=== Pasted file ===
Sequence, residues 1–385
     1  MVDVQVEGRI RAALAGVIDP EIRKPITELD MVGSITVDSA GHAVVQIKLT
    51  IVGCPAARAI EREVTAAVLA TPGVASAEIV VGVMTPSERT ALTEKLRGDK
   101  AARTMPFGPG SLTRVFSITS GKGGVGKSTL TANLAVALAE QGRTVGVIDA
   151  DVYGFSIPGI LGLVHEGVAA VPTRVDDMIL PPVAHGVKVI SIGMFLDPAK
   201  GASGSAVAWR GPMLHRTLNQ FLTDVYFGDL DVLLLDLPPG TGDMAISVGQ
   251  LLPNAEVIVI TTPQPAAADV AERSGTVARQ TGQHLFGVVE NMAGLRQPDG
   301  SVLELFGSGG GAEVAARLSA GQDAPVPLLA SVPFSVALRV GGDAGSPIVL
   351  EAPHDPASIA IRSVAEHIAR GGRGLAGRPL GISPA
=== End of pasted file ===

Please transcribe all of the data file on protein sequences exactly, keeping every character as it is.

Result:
Sequence, residues 1–385
     1  MVDVQVEGRI RAALAGVIDP EIRKPITELD MVGSITVDSA GHAVVQIKLT
    51  IVGCPAARAI EREVTAAVLA TPGVASAEIV VGVMTPSERT ALTEKLRGDK
   101  AARTMPFGPG SLTRVFSITS GKGGVGKSTL TANLAVALAE QGRTVGVIDA
   151  DVYGFSIPGI LGLVHEGVAA VPTRVDDMIL PPVAHGVKVI SIGMFLDPAK
   201  GASGSAVAWR GPMLHRTLNQ FLTDVYFGDL DVLLLDLPPG TGDMAISVGQ
   251  LLPNAEVIVI TTPQPAAADV AERSGTVARQ TGQHLFGVVE NMAGLRQPDG
   301  SVLELFGSGG GAEVAARLSA GQDAPVPLLA SVPFSVALRV GGDAGSPIVL
   351  EAPHDPASIA IRSVAEHIAR GGRGLAGRPL GISPA